Ryan: It was great. It was amazing to see. I think we were grateful for the fact that we had the ability to do team fundraising. The ability for all of our supporters to see the messages that they put out there. Our media sponsor WINK News did a great job of going on on air. They would do a live read of some of the donations that would come in real time.
Rachel: Oh, how fun!
Ryan: It was very engaging and entertaining. People really responded. I think we owe a lot of thanks and gratitude to WINK News for doing the stories and constantly promoting that during the whole month of February. When we did our hunger walk with what we made versus how much it costs to put the event on and now doing it in this way...and people get a better understanding of what we're doing out there in the community and all the people we’re helping. A lot of these people with children are coming for the first time. It's incredible to see what this will do in the community. We're grateful we had the tool to be able to put it on.
Rachel: That's amazing. A couple of things that I'm hearing were helpful to your success: you had a new digital platform, Givebutter, that you were using that was easy to use as well as easy to use for your media partner who was helping promote this event all month long leading up to your deadline. Then, you also had a peer-to-peer model. Since Givebutter was new to you, I'm curious, how did you coach or train your peer-to-peer teams or WINK to utilize Givebutter as you were learning it in real time?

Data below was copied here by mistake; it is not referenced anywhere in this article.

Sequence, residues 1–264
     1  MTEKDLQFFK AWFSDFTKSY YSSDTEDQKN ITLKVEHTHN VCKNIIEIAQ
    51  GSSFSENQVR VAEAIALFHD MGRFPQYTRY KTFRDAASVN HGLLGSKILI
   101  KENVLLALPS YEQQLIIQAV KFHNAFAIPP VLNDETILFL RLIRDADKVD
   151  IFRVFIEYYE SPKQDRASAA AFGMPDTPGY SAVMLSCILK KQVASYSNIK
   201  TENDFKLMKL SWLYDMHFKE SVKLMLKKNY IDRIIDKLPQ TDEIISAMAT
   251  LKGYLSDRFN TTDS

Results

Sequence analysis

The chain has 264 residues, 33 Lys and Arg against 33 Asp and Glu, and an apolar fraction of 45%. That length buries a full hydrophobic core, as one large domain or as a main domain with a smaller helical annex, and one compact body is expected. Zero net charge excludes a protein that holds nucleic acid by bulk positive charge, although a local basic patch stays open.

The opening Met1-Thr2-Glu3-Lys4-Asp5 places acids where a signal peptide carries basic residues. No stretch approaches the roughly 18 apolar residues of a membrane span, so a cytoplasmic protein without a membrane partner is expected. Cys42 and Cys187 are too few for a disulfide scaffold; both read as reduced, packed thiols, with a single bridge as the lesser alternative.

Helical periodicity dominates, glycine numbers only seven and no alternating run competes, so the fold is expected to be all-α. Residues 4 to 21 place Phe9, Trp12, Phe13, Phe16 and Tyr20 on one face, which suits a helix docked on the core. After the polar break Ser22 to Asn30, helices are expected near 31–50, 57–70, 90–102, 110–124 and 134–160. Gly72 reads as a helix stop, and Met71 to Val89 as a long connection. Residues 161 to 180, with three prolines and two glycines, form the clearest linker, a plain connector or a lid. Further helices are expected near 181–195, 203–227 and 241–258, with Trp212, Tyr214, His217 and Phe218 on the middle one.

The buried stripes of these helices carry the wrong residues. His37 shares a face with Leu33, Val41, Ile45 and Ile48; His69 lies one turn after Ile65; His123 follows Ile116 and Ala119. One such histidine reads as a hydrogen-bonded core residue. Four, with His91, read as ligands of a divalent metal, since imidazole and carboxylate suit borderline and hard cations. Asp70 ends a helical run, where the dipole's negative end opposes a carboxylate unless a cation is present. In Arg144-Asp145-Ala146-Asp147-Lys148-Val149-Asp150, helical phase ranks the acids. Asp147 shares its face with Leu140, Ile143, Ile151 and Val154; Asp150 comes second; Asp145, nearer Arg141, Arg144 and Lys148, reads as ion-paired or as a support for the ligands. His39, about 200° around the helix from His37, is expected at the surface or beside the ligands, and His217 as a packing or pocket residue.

Ryan: It was very user friendly for everybody. There wasn't a lot of training that you have to do because it's so user friendly to begin with. It was good with WINK because as they were reading it live in real time, you could see that the thermometer was rising. They, in real time, would be able to say how much money is raised. We had a lot of feedback from the teams. The team fundraising section of it at the top there. For instance, we’ve got Storm Smart at $106,000. That was just their foundation that wanted to support this campaign. Copperleaf did their own little event social distancing and raised $36,000. It was amazing to see the support of the community. The Cross Creek Ladies’, Peace Lutheran Church, they all came together. They started a team page and then they shared it with their network. They saw the gifts come through their campaign, so they were able to go out into their communities and say how much they raised to go towards this campaign. It was really a great way to engage the community and a great conversation starter as to why are you doing this? Why are you trying to raise this? What is this million meals going to do? The fact that we're feeding a quarter of a million people a month, those meals will go very quick. We're kind of approaching summer hunger which is big in Southwest Florida because that's when all the snowbirds and everybody leaves. Kids are not in school, so they're not getting those free and reduced lunches if they need it. This is definitely helpful and we're so grateful for our community and we're grateful for this tool to be able to do this.